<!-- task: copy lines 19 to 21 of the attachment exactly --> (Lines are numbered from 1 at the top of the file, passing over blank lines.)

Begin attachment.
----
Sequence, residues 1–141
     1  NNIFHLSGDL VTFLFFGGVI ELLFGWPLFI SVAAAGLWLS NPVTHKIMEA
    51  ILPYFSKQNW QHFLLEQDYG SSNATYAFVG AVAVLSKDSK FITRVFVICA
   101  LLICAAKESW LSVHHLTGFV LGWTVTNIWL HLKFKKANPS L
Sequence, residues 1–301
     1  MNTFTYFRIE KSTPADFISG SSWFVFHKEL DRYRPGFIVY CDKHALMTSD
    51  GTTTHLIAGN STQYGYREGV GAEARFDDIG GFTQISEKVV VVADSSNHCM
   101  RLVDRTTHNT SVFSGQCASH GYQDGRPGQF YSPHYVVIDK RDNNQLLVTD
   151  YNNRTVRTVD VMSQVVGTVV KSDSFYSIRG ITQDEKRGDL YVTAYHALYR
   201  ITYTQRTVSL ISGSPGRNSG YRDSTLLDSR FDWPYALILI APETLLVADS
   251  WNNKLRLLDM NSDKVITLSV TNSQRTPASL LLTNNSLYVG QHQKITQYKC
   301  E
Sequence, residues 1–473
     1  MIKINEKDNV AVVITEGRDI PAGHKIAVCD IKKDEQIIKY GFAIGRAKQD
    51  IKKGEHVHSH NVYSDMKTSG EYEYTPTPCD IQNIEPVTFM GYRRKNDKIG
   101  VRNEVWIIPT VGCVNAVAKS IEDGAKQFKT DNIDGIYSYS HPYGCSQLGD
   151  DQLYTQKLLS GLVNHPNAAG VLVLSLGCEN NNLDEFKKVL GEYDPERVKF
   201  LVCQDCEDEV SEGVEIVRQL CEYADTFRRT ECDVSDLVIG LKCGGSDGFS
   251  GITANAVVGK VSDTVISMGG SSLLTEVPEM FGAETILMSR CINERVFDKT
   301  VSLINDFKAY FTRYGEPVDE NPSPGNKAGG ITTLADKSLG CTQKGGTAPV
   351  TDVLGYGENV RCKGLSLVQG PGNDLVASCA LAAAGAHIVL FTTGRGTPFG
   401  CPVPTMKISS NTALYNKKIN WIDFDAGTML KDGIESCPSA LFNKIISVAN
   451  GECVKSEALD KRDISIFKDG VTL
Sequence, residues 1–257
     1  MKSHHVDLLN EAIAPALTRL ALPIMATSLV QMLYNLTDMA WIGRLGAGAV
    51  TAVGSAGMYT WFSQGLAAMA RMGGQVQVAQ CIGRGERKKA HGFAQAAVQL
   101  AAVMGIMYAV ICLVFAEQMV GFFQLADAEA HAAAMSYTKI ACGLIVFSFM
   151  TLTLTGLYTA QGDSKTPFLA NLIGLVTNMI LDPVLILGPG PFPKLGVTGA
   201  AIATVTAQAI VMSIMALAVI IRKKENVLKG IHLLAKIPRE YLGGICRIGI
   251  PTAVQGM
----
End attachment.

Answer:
   251  GITANAVVGK VSDTVISMGG SSLLTEVPEM FGAETILMSR CINERVFDKT
   301  VSLINDFKAY FTRYGEPVDE NPSPGNKAGG ITTLADKSLG CTQKGGTAPV
   351  TDVLGYGENV RCKGLSLVQG PGNDLVASCA LAAAGAHIVL FTTGRGTPFG